Investors as Stewards of the Commons?

by George Serafeim

Overview — This paper lays out a framework suggesting that index investors and adequately funded asset owners are a potential mechanism to build and sustain pre-competitive collaborations for addressing environmental and social issues. With long time horizons and significant common ownership of companies within the same industry or supply chain, investors could serve as vehicles for the establishment and/or stability of collaborations between companies.

Author Abstract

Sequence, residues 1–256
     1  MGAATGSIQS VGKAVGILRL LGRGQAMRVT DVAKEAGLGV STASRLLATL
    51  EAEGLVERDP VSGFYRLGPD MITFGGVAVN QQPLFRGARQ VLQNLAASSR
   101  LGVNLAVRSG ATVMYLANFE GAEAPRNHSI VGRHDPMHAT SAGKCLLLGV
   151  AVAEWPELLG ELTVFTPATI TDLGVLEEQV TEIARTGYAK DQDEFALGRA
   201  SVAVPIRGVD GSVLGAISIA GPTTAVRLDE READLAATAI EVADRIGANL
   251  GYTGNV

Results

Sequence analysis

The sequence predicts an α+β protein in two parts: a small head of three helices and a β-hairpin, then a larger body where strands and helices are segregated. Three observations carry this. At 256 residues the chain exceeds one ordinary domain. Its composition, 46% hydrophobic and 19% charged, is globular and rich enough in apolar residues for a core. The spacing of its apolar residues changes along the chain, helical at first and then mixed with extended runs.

Over the past few years, there has been a significant increase in the number of initiatives seeking to mobilize investor voice toward positive social impact. In this paper, I provide a framework outlining the role of investors as stewards of the commons. While companies are increasingly addressing environmental and social issues that also improve their economic value, for some of these issues individual company action is costly. At the same time, for a further subset of those issues, company action coupled with collaboration between companies is value enhancing. However, collaboration between companies is notoriously difficult and fragile requiring commitment mechanisms. I suggest that a small set of large institutional investors, importantly, but not exclusively, index investors, could provide this commitment mechanism. Common ownership of competitors within industries and long-time horizons in ownership of shares are key characteristics for investors that could act as stewards of the commons. Social pressure fueled by small socially responsible investment funds and nonprofit organizations and customer pressure from individual investors are critical in mitigating free-rider problems among asset managers and sustaining engagement practices. Finally, I explore the limits and anticompetitive concerns to the theory of change presented here.

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